No Guarantees

New York
11.14.08

Left: April Richon Jacobs, cohead of the evening sale; Robert Manley, head of postwar and contemporary art at Christie's; Brett Gorvy, international cohead of postwar and contemporary art; and Amy Cappellazzo, international cohead of postwar and contemporary art. Right: Dealer Emmanuel Perrotin and collector Adam Lindemann. (All photos: David Velasco)


WHAT DOES A COLLECTOR SAY when he has no money to spend? “This art is terrible.” But Christie’s Post-War and Contemporary Art Evening Sale on Wednesday was one of the auction house’s best in terms of artistic content. After Sotheby’s had averted an art-market free fall the night before, dealers and collectors entered Rockefeller Center with a shot glass of hope. As art adviser Sandy Heller found his aisle seat, he said, “All asset classes are being repriced. Art is no different, but I think the great things will sell.”

Salma Hayek stood statuesquely in François Pinault’s skybox, while John McEnroe peered out from the window of dealer Bill Acquavella’s. After Christopher Burge’s gracious “Ladies and gentleman . . .” the first eight lots stumbled along. With the exception of a 1961 Tom Wesselman pastel (which made a record for a work on paper by the artist) and a 2007 Subodh Gupta painting (which failed to sell), the works all sold for less than their low estimates. Lot 9, Gerhard Richter’s Abstraktes Bild (710), however, defied expectations when it commanded $14.9 million. Richters haven’t performed well at auction of late, but this “wealth of oils,” as it was described in the catalogue, caught more than one bidder’s attention.

Lots 15 through 17 were Louise Bourgeois sculptures—Spider V in cast bronze, Untitled (with Foot No. 2) in pink marble, and High Heels in fabric and metal—from a “Distinguished Private European Collection.” While the awkward marble sold below its estimate, the iconic domestic-scale spider and the sexy steel-heeled form sold within estimate to London-based Swiss dealer Iwan Wirth.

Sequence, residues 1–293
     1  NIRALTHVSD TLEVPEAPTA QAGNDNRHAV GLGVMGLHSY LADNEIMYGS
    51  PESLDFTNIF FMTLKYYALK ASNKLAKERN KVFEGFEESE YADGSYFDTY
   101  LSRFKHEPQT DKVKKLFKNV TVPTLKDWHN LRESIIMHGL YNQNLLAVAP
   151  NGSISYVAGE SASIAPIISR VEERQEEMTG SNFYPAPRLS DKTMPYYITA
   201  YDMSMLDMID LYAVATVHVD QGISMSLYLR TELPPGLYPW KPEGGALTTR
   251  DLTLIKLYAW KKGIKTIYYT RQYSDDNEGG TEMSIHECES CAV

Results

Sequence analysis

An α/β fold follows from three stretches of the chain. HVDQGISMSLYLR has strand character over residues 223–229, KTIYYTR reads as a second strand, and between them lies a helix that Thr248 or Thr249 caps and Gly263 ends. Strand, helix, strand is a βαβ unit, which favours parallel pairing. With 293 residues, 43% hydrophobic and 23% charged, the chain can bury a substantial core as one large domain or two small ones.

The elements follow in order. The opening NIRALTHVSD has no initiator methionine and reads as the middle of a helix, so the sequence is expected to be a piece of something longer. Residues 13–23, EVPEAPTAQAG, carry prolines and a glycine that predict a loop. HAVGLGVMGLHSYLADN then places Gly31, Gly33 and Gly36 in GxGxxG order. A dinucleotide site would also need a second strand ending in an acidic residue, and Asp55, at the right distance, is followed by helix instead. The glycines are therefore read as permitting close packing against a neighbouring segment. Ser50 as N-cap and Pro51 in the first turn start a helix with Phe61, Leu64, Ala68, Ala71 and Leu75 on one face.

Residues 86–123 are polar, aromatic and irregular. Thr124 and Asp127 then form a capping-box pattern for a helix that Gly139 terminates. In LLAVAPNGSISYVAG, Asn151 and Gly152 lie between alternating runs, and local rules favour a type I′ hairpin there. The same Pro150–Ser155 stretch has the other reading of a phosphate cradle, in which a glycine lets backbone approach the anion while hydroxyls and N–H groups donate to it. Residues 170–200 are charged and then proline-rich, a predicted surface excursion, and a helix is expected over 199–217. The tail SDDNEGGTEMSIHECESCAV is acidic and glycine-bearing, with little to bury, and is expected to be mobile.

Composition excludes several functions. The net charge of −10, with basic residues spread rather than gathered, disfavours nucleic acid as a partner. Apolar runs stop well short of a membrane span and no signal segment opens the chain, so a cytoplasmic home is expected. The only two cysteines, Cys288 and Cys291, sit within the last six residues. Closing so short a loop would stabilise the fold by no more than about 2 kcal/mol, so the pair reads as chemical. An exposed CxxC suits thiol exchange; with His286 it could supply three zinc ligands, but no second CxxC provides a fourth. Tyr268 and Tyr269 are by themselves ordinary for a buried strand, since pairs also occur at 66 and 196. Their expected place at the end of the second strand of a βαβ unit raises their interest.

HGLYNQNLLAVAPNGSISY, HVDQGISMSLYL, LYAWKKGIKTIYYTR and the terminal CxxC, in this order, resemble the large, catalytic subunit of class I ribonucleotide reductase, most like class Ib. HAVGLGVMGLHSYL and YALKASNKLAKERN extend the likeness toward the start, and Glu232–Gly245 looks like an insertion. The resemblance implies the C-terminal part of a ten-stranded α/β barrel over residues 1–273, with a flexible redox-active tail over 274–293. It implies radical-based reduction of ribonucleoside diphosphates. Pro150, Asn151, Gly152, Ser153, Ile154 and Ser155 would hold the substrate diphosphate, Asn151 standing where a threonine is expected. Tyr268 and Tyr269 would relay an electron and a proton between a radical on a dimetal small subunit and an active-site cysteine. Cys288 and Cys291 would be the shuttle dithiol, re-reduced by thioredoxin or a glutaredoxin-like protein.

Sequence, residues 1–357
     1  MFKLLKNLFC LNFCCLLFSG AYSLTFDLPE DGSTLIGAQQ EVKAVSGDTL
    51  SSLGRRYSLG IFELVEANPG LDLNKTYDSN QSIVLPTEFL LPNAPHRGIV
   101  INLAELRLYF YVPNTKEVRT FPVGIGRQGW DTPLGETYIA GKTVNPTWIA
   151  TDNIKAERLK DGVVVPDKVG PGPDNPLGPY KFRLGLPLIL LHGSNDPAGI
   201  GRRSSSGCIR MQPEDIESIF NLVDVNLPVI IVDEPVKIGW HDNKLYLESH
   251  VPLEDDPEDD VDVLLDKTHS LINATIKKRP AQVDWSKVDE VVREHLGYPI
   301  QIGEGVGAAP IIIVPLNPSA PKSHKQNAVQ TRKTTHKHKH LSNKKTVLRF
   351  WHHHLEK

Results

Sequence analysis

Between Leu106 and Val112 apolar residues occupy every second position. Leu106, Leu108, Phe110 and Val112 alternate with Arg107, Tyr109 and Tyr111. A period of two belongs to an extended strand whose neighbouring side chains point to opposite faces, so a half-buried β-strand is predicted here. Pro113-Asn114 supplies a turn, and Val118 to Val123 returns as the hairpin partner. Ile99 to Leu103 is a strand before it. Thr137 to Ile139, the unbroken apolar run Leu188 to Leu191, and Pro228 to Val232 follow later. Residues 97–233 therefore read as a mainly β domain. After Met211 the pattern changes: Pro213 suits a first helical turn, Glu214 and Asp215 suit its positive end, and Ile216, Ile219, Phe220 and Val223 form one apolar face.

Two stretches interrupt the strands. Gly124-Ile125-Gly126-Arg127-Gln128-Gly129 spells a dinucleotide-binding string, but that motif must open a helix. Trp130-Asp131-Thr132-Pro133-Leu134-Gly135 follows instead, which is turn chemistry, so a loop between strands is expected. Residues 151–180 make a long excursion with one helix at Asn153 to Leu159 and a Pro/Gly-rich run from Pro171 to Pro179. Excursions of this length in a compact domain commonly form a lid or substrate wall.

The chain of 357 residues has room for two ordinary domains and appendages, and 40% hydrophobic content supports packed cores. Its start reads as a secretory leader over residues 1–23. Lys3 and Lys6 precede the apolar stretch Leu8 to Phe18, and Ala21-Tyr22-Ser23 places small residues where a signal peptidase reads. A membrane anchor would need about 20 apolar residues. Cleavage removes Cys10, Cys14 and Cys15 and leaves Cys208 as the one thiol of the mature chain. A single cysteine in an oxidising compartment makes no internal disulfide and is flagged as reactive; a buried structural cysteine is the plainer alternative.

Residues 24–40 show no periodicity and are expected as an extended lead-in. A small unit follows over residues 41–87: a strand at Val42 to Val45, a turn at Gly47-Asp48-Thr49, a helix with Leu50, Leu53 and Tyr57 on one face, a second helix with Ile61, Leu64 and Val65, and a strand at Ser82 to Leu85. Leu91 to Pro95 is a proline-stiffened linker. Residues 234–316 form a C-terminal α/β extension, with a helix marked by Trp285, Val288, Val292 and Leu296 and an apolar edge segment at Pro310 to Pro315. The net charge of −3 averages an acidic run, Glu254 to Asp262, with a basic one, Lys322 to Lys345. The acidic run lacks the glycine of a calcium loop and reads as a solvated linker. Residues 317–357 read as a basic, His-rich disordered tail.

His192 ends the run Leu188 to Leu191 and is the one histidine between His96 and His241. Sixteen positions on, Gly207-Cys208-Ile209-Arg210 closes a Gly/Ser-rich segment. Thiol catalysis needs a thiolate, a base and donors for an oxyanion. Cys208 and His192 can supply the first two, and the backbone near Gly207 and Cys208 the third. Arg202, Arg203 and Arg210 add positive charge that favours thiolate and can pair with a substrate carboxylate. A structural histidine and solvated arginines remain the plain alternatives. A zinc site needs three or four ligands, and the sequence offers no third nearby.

Lot 18 was a shallow Joseph Cornell cabinet with a mirrored back containing shells, powders, a butterfly wing, and other curios. Titled Pharmacy, the 1943 work anticipated Damien Hirst. Once owned by Pierre Matisse and “Teeny” Duchamp, the thoughtfully assembled object attracted hands all over the room and sold for $3.8 million, a world auction record for the artist.

Left: Art adviser Allan Schwartzman. Center: Collectors Jason Rubell, Michelle Rubell, and Don Rubell. Right: Collector Eli Broad (left).


Next up was the cover lot, Jean-Michel Basquiat’s Untitled (Boxer)—a strong image of black victory from 1982 given added luster by Obama’s election win. Consigned by Metallica drummer Lars Ulrich, the canvas sold to a collector on the phone with Brett Gorvy for a muscular $13.5 million. The Basquiat was one of four works bought by paddle number 1757, including Adolph Gottlieb’s Parallels, Yves Klein’s IKB 234, and Franz Kline’s Mars Black and White for a grand total of $22.8 million. The lineup of works suggested a new big spender who was keen to have one of each. When I nabbed Gorvy after the sale for clues about the nationality of the buyer, he said amusedly, “It’s no one you know!”